Implementation policies also required major investment in education, to provide teachers, schools and materials, and to develop curricula relevant to the new South Africa and free from the constraints of the apartheid era.
There were, however, economic constraints on such investment.
The authors cite outcomes-based education as a reasonable approach, given the desire to replace "authoritarian values and top-down pedagogical approaches of the apartheid era" with "new values and teaching methods that emphasised democratic participation and the potential of every child to succeed". But they show that the success of outcomes-based education was limited by a several factors, not least of these being: teachers ill-equipped to adopt the new approach; a lack of human, financial and other resources needed to make the system work; and a failure to provide infrastructure such as libraries and media centres in the communities from which pupils were drawn.
Their summary of the economic reasons for the shortage of money is relatively free of the politicalsociologicaleconomic jargon and complexity usually employed to explain away, rather than account for, failures. This might lead to criticism that the book lacks analytical depth, but it is precisely what makes it so accessible to readers beyond academics.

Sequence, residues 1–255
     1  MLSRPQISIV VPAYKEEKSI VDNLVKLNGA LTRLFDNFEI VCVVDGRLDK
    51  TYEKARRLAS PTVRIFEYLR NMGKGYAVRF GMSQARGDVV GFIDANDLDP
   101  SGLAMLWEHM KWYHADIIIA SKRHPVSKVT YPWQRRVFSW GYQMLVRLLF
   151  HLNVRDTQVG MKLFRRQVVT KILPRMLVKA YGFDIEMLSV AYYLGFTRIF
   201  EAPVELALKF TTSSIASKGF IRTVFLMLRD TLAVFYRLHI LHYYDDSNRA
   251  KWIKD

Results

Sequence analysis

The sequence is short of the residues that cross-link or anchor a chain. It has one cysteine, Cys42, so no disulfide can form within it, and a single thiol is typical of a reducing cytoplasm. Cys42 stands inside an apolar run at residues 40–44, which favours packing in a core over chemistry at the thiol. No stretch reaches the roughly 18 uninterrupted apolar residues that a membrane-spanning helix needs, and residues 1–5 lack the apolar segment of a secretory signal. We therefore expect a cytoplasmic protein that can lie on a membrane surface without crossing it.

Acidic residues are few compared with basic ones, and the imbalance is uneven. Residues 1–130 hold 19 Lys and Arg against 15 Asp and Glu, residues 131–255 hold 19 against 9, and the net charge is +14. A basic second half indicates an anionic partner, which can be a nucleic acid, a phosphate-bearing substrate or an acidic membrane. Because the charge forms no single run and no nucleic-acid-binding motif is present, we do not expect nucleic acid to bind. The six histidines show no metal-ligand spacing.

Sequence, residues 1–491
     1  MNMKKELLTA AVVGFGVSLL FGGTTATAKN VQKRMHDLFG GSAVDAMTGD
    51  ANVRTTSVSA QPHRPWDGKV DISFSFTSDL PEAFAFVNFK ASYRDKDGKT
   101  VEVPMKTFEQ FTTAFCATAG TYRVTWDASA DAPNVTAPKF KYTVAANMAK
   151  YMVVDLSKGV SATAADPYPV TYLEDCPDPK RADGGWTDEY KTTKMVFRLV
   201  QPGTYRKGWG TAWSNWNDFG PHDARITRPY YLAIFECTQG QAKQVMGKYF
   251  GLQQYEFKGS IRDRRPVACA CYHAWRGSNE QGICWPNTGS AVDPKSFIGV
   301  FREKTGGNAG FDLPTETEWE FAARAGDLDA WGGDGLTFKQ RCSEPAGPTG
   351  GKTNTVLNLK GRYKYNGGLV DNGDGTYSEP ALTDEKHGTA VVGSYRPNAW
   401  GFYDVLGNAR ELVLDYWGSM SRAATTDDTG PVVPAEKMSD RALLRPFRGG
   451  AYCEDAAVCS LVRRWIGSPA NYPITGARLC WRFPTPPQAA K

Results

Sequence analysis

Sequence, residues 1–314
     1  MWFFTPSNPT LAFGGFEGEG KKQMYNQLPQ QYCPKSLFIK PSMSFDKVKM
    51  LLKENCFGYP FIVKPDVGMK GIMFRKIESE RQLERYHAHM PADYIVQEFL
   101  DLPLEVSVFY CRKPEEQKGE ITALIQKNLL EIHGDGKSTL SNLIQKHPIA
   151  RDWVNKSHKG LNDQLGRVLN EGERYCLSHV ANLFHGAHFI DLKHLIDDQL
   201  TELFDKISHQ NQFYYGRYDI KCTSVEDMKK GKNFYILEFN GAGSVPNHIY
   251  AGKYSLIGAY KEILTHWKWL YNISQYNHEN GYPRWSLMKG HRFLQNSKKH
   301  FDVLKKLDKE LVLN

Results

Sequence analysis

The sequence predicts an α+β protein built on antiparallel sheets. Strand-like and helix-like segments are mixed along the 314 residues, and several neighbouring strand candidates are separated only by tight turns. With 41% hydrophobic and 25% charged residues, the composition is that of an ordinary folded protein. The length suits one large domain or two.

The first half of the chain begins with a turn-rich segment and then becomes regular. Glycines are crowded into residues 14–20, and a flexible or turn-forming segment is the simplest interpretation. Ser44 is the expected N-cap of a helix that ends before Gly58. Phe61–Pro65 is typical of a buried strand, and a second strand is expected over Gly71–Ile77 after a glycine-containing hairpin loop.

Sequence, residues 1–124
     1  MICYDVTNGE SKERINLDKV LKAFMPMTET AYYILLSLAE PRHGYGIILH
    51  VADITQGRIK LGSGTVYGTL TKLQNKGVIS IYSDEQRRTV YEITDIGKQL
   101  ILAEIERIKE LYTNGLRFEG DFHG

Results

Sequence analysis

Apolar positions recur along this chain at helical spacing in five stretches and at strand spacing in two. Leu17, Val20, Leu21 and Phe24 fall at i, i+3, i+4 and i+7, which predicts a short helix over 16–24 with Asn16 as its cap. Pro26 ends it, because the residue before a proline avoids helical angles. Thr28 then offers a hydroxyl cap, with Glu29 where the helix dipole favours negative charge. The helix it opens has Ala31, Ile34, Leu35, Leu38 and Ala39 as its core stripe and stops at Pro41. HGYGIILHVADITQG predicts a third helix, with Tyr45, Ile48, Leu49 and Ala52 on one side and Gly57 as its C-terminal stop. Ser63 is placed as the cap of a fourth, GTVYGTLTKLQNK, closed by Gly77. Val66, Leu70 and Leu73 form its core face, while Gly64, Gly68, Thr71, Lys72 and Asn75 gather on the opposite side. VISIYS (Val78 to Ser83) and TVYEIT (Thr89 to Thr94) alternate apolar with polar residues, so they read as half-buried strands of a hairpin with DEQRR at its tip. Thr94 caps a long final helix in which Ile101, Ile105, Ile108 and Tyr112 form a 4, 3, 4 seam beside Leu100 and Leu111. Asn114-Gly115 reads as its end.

Nonetheless, academics will find the book useful for its examination of an attempt to create a new education system to serve the needs of an entire country. Of value, too, are the insights into concepts such as outcomes-based education, the problems it throws up and the reasons for its success or failure.
Ordinary South Africans, especially those who participated in the struggle against apartheid education, will find this an important assessment of the progress made towards achieving their aims and of why the achievements have been limited to achieving "colour-blind", rather than truly equitable, education.
That generation cannot miss the irony that a struggle immortalised by the death of Hector Petersen in Soweto in 1976 has been restricted in its achievements by so many other deaths: of teachers from AidsHIV (3,000 are predicted for 2004). These deaths are not only devastating for the families involved but affect the entire population. This should not be ignored by "developed countries" that poach South Africa's sorely needed teachers instead of supplying the country with resources.
Of course, this consideration is not central to Fiske and Ladd's argument, but it is the raising of such issues, as well as the provision of wider insights into the functioning of the education system in South Africa, that make this book a valuable addition to the shelves of anyone interested in education or South Africa, or both.